Yoga for Weightlifters: Maximize Strength with Flexibility
Weightlifters are a group of individuals who love to move heavy things in the gym—pick it up, put it down, rinse and repeat. All that strenuous lifting can leave you with tight muscles and reduced mobility. Having a good amount of muscle mass is great when you allow for rest and recovery and use proper nutritional strategies to ensure growth and physiological adaptation from all the hard work in the gym. However, stretching, flexibility training, and mobility are also a huge part of the process.
Flexibility—The Missing Link
Flexibility training defines a deliberate program of exercises and movements that increases range of motion (ROM) of a joint or set of joints over time. Flexibility focuses on the muscles and tissues surrounding the joints of the body by holding end ROM stretches or poses for 15-30 seconds at a time.
Stretching can be static or dynamic and is a piece of programming that many weightlifters neglect regularly. Static stretching is holding the stretch in a stationary position while dynamic stretches move a joint or joints through their full range of motion to mimic the upcoming activity or sport. For weightlifters and athletes of all sports, dynamic stretching is the more effective warm-up strategy while static stretching is far more effective post-workout as a cool down. (1)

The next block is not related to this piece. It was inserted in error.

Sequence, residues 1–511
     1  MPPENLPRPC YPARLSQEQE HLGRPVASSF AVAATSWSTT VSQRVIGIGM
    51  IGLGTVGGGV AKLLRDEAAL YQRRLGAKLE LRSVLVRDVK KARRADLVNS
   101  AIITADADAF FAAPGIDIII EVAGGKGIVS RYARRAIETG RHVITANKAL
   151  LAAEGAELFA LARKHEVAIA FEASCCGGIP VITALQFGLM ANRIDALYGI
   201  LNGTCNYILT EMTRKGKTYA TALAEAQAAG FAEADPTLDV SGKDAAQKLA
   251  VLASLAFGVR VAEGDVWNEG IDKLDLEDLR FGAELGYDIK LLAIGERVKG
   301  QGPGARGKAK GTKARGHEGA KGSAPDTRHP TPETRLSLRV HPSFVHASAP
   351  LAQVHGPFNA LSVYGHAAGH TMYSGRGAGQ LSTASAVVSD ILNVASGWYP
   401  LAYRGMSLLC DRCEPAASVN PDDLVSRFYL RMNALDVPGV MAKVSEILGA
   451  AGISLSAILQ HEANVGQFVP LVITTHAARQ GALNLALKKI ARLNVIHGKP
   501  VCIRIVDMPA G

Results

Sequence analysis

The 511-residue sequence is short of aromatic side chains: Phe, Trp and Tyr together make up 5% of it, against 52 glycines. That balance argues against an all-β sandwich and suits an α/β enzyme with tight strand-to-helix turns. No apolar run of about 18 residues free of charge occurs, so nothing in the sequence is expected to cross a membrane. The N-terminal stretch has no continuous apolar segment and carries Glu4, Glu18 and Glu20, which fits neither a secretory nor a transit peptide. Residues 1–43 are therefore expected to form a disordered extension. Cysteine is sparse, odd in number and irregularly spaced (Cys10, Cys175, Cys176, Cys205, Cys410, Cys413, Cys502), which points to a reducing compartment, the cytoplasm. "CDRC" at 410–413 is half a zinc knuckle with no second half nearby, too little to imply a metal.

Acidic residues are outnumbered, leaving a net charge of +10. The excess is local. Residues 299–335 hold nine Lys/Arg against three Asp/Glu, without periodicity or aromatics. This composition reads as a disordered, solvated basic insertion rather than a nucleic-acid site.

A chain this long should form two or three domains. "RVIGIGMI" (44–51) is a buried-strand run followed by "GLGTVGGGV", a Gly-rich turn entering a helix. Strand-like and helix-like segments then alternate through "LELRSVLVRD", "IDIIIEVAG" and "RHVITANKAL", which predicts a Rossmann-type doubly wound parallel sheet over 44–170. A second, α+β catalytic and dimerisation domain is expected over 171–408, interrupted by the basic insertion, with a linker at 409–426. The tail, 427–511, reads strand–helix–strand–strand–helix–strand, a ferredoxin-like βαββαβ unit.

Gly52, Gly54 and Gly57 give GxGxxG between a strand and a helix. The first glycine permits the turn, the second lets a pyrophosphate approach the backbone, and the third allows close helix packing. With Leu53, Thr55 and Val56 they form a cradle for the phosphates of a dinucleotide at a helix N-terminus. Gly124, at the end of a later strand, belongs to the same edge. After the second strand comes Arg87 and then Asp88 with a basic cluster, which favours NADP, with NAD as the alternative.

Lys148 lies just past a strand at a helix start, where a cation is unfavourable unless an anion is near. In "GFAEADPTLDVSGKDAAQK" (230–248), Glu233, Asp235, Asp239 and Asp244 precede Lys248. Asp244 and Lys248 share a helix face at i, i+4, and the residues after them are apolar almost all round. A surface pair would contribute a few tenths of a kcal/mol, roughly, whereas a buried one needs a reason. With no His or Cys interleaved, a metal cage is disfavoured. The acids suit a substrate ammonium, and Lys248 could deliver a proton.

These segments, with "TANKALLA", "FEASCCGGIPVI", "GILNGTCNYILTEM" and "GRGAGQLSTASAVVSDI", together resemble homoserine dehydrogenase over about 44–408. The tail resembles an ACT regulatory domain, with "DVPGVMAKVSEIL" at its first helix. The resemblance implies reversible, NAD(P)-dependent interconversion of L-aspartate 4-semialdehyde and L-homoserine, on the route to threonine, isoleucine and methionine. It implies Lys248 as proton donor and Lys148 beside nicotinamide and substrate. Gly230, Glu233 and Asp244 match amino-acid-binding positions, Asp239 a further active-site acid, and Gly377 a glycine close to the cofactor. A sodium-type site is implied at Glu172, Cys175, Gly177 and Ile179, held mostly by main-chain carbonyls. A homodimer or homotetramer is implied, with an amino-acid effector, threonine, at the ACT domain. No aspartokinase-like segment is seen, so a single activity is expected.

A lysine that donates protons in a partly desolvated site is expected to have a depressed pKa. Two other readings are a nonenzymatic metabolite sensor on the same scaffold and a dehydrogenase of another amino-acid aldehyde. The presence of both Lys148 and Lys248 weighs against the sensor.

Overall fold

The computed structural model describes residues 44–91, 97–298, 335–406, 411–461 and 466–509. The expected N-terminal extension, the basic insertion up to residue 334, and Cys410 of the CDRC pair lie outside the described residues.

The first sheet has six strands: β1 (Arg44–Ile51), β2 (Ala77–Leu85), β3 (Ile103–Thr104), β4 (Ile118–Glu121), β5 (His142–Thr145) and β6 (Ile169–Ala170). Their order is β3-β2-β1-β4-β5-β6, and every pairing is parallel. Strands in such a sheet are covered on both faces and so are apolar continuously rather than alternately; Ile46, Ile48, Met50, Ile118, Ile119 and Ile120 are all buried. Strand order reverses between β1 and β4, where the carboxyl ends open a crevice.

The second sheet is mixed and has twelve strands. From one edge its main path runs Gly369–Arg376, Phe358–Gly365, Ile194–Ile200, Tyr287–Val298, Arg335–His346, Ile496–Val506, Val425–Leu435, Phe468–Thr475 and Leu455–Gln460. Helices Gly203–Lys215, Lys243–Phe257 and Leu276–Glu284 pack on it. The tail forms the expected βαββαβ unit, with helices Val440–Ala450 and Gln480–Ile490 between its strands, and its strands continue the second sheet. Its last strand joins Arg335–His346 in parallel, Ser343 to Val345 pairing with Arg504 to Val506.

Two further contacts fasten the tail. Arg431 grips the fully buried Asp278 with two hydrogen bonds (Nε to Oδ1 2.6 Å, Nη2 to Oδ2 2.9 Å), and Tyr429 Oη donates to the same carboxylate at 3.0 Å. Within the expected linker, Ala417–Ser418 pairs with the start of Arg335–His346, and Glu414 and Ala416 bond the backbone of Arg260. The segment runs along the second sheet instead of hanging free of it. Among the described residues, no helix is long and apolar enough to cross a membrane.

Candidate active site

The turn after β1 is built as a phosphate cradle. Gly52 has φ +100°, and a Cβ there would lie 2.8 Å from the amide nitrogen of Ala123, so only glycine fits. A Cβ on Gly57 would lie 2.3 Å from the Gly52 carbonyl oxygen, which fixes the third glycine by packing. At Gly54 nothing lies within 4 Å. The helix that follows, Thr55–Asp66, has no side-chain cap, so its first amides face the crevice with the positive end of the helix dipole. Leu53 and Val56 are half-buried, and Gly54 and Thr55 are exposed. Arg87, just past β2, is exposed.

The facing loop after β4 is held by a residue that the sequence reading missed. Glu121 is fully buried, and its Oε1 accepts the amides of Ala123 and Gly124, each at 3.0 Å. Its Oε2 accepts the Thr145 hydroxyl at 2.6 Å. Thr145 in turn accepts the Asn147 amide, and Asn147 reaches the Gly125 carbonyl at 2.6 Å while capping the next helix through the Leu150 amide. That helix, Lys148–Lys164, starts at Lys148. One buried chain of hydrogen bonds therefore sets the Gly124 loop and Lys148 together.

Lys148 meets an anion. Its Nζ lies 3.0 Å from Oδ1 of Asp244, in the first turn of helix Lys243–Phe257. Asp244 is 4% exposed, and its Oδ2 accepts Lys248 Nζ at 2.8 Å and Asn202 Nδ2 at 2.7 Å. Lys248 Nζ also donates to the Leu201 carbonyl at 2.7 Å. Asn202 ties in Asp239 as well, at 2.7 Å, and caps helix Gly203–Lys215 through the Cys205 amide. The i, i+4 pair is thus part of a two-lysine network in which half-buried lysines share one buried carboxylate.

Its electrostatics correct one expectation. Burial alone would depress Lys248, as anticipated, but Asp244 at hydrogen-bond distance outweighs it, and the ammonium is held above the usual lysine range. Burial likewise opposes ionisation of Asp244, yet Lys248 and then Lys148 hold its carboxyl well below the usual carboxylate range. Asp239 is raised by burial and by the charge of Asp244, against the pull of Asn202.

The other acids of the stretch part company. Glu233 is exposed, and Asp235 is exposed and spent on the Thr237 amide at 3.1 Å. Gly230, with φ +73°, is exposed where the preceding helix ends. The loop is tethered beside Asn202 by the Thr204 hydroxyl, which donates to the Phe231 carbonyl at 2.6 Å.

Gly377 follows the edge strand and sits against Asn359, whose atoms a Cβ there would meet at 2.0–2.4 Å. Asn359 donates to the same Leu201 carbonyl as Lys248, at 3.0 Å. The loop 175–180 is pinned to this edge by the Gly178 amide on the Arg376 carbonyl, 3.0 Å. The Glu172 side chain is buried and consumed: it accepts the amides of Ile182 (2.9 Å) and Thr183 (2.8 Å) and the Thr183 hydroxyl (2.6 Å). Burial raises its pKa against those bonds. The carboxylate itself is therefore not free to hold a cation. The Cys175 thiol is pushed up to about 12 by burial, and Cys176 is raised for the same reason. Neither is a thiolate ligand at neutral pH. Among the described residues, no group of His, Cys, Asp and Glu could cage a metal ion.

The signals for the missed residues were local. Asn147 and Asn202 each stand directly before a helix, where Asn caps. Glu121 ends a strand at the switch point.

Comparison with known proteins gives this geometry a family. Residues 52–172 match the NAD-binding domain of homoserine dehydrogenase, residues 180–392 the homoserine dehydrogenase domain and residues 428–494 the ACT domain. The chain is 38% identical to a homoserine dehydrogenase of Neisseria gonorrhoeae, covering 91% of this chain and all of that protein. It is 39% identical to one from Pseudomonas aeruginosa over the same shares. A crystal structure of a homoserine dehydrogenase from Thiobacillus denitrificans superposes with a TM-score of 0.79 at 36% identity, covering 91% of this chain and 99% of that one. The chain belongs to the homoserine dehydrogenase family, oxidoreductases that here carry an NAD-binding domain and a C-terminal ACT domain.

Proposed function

The major benefit missed from stretching is with the length-tension relationship of muscle fibers. Basically, this scientific observation states that muscle fibers at different lengths will produce different amounts of force and there is an ideal length. (2) When a weightlifter is sore and tight from a previous training session, it is difficult to move efficiently. Small tasks like bending over to tie your shoes is a challenge when you have tight muscles. This occurs because the muscle fibers are in a shortened state. Flexibility training on a regular basis can and will address this. It ensures the muscle fibers are at ideal lengths to effectively contract during your next training session.
One fun and engaging way to add flexibility training is to add yoga to your regular training schedule! Yoga will help to increase flexibility, improve balance, provide stress relief for many participants, and promote better posture and body control. All these yoga benefits are an advantage for those who love to lift and are seeking improved athletic performance!
Read more about including yoga in the ISSA blog post: Adding Yoga to Your Strength Training Routine
Effective Yoga Postures for Weightlifters